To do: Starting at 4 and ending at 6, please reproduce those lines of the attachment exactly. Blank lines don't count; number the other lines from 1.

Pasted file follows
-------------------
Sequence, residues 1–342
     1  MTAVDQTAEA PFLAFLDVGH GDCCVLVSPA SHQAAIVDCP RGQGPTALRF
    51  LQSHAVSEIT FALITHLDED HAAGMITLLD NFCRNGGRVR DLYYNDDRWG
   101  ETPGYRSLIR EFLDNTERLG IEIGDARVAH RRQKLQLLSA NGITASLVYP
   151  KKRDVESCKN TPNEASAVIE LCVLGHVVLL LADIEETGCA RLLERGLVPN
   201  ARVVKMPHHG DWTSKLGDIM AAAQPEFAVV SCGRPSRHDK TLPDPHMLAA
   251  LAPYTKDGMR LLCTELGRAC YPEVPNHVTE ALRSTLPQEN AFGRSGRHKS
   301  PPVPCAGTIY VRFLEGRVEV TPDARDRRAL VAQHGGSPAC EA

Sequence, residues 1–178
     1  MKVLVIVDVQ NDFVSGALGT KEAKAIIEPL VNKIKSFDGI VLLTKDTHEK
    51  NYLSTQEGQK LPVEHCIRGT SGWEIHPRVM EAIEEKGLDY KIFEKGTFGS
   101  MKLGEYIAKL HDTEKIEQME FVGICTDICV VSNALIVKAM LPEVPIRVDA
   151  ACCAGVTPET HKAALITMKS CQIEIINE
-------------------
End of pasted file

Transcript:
   101  ETPGYRSLIR EFLDNTERLG IEIGDARVAH RRQKLQLLSA NGITASLVYP
   151  KKRDVESCKN TPNEASAVIE LCVLGHVVLL LADIEETGCA RLLERGLVPN
   201  ARVVKMPHHG DWTSKLGDIM AAAQPEFAVV SCGRPSRHDK TLPDPHMLAA